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One of the most difficult problems to solve is that of not having an address! So be careful what you say and to whom! Unless you have good reason, i.e. offshore earnings, stay resident for the taxman and retain as much of an address as you can! This is not easy when 'selling up and sailing'.

The problem can manifest itself in a number of ways, most notably difficulties in access to health care and in setting up financial arrangements. We have found the requirements of the money-laundering laws particularly difficult to get around without utility bills. We found it almost impossible to get a contract with O2 (and perhaps we wish we hadn't) without one, as credit checks rely to some extent on ones presence on the electoral role. Restructuring the mortgages on our rented properties was simply a non-starter! The mortgage adviser with Lloyds Bank had never seen so many underwriting flags on his computer system!

In the UK, access to free healthcare from the National Health Service, is officially open to people 'ordinarily resident' in the UK! This is interpreted differently by the various health authorities. Some will refuse treatment to returnees from abroad who have been absent more than three months. A general practice doctor is supposed to 'deregister' you if you move away, or are away for more than three months. In practice, this did not prove a problem when John returned to the UK after his heart attack and received a coronary artery bypass operation shortly afterwards. He was lucky however to have his daughter Jacqui working within the service opening doors for him. We have heard of others who have not been so fortunate.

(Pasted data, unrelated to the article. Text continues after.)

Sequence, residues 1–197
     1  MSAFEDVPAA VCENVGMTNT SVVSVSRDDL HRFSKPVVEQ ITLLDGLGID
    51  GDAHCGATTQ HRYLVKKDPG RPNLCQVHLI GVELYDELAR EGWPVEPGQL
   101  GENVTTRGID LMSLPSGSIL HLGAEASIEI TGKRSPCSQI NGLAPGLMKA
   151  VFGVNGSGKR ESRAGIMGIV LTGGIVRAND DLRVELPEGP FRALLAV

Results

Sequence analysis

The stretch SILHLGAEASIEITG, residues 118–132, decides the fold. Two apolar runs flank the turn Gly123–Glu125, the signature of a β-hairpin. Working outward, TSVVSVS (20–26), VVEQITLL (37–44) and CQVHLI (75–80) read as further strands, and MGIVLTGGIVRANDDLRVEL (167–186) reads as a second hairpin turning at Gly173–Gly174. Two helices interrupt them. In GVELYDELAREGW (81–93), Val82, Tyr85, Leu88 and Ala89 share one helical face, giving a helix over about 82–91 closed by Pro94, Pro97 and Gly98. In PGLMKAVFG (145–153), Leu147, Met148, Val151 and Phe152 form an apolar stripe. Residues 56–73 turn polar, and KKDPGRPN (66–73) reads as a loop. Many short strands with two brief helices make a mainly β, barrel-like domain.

We had to obtain a letter from our solicitors to open an account with Lloyds Offshore, despite banking with Lloyds for 42 years! Recently problems have arisen in transferring money in a long established ISA into a new fund. Even solicitors and estate agents now expect you to perform the money laundering dance.

To some extent we have leant on our offspring, but for the majority we felt we needed a more durable arrangement that did not impose upon them. We were fortunate in knowing one of Mo's colleagues' wives quite well, who happened to be an accountant with a business address aside from her own home. We asked Diane if she would mind acting as our attorney and accountant. Its not that easy, even when all the forms have been signed, to get banks and such people to take instructions from someone else, but for the most part it worked for us until Diane decided to retire! Diane dealt with the letting agents, and took care of any UK based payments that needed to be made.

Over the period we have been away, things have been made much easier by the internet. Instead of slow and ponderous internet connections via a roaming mobile phone connection, we now have much faster services available from local networks using data only connections using data 'dongles' and wireless router devices. Economical access to the internet, for researching and ordering spares, or managing accounts and payments, is now much easier to set up.

We have also been fortunate in setting up a relationship with an IFA who offers both pensions and other financial advice and an 'asset management' service. We are reasonably confident that we need not worry too much about the FTSE, interest rates and other financial goings-on. Even if we were in touch, we would have little idea what to do about it, and we have been happy with the results they have achieved for us.

We have retained a foothold in the property market in the UK with two properties. Both of these are managed by different letting agents, so that incidental problems are dealt with locally without needing reference to us.